Sharon Kopriva, Cathedral Green (Detail), 2012.
Oil and mixed media on photo board.
81 x 186 x 3 inches.
Sharon Kopriva at Kirk Hopper Fine Art
Mysterious, gothic, spiritual, and timeless are the words that come to mind when considering the art of Sharon Kopriva, a Houston native, who has exhibited in Texas and internationally for more than 30 years. This exhibition represents her first solo show with Kirk Hopper Fine Art in Dallas, and was co-organized in conjunction with Deborah Colton Gallery in Houston. Thirty works of art reside on the walls and floors, and even hang from the ceiling of the gallery, forming one large mixed media installation. A resounding sense of texture informs the work, divided by the artist into four thematic categories referenced in the title of the exhibition.
Her Tubers are rooted in rope sculpture; she recalls, “In the mid-1970s I took a rope sculpture course…it consisted of building undulating abstract forms from a method of connecting coiled rope.” Recently she brought this technique to the service of creating Earth Mother, a freestanding sculpture, and Lena Tuber, a sculpture suspended from the ceiling. For Earth Mother Kopriva wove the material into a compelling life-size female form that also operates within an abstract register. Earthen in hue with the lower portion resembling soil and roots, the figure also has similarities with fertility symbols like the Venus of Willendorf (2500 BC), shapely and feminine.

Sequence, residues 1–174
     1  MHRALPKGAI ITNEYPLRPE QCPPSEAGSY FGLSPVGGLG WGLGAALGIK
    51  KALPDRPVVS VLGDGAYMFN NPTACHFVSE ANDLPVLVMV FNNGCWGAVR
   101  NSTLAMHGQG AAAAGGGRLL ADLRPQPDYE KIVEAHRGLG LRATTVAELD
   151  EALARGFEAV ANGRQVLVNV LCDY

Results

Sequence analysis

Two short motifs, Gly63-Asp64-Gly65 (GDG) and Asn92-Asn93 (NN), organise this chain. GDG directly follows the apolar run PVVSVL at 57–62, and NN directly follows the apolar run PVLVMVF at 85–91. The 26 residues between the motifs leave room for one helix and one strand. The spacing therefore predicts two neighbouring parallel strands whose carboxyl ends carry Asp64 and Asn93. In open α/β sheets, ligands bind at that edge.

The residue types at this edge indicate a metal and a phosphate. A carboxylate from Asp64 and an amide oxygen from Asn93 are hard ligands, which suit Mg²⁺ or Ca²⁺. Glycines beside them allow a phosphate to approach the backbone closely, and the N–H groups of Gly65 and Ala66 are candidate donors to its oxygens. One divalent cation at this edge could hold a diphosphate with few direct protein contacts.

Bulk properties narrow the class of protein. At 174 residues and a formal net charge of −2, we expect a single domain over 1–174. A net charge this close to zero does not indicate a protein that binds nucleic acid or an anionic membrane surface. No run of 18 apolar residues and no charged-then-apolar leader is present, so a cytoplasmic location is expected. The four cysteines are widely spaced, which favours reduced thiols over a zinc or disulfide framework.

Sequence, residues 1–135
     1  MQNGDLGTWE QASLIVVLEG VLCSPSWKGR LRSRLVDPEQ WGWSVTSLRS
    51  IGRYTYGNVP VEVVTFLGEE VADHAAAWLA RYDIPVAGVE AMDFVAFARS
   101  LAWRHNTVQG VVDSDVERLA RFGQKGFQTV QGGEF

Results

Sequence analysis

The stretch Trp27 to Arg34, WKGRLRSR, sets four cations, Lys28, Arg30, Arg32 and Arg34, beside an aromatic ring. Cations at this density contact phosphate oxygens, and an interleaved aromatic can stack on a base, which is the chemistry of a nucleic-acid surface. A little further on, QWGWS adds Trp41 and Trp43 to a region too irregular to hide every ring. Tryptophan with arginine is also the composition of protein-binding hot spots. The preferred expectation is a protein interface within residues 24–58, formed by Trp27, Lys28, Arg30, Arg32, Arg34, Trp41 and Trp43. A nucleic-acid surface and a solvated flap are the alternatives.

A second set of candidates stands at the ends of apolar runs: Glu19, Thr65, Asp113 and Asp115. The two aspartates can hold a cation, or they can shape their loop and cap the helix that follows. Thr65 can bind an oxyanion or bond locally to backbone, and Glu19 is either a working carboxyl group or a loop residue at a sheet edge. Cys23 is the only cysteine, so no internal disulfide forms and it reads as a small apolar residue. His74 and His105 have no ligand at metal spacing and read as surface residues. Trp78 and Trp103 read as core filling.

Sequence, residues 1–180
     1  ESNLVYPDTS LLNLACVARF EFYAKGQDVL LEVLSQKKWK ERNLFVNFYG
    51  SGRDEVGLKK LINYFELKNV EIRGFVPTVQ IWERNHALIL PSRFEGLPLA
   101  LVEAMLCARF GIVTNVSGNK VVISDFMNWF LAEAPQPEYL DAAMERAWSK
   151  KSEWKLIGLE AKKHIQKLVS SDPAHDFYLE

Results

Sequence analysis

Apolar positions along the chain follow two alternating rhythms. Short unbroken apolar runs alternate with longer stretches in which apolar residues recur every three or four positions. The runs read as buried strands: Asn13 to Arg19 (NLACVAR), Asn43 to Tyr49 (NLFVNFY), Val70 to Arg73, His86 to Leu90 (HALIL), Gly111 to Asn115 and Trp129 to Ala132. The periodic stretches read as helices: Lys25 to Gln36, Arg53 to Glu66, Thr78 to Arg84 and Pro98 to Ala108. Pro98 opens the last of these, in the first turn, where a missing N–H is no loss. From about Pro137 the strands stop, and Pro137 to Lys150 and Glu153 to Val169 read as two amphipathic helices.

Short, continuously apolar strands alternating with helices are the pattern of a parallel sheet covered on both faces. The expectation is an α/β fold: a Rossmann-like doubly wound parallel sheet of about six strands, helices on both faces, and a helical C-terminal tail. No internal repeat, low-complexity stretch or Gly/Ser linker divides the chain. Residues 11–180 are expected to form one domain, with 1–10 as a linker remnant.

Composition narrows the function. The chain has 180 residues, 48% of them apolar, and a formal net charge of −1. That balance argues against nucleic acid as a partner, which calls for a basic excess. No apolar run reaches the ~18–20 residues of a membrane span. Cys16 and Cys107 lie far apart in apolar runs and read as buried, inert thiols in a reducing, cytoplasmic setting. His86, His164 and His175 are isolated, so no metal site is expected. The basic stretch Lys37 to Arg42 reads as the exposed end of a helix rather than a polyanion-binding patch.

The Tails series are inspired by her three Peruvian hairless dogs, and mainly consist of two dimensional drawings and prints. In the Studies for Cerberus I, II, and III, 2012, the rectilinear profiles of the austere canines are the source for these mixed media depictions of Greek mythology’s guardian to Hades. The heads rest atop a single emaciated humanlike body of skin and bone. Each body, shown recto and verso, contrasts with the profiles and takes center stage in a composition punctuated by an eerie light source illuminating the darkness of the underworld. In Dusk (2015), the monotype process provides an alternative way to picture the Cerberus myth. Here, the heads interact with a canine body dead center of the composition, but still in profile. Kopriva renders incredible texture and abstract shapes and forms through the printing process that give the figures volume. The volume then adds to the figure/ground dichotomy by individuating the figures in what seems like a true space, with foreground and background. An evident dependence on line brings silhouettes to mind as the three backlit heads stare into the darkness. As an art-historical reference, the movement known as Symbolism seems apt, as do the media prints and paintings by the Mexican master Francisco Toledo.
Kopriva completed her first set of Tablets in 1992, a set of fourteen Stations of the Cross, and has continued to make them through an investigation of various themes appropriate to the format. Essentially, a tablet is a small work of art made on tin roofing units that attracted Kopriva with their “arched gothic shape” when she first saw them at the Canton Flea Market. To these tin supports she adds various surreal found objects, sometimes books, and slowly builds a surface. Nine tablets fill a wall as an installation of two rows mounted horizontally, at least two of them include a book opened to reveal the text and combined with roses, small boats, a preserved fish, a heart, and other objects that enter the realm of the uncanny in Kopriva’s hands. They all have a darker hue, with black, dark blue, ochre, and red as the dominant colors, they are a never-ending source of mystery and fascination to anyone who sees them.
Kopriva’s art looks best during the fall and winter months, so the gallery chose the perfect time to mount this exhibition. The scale of the pieces, many life-size and larger, is addressed well in a layout that never comes off as crowded or busy. For fans of the inexplicable and mysterious, where new worlds are forged, this show should not be missed.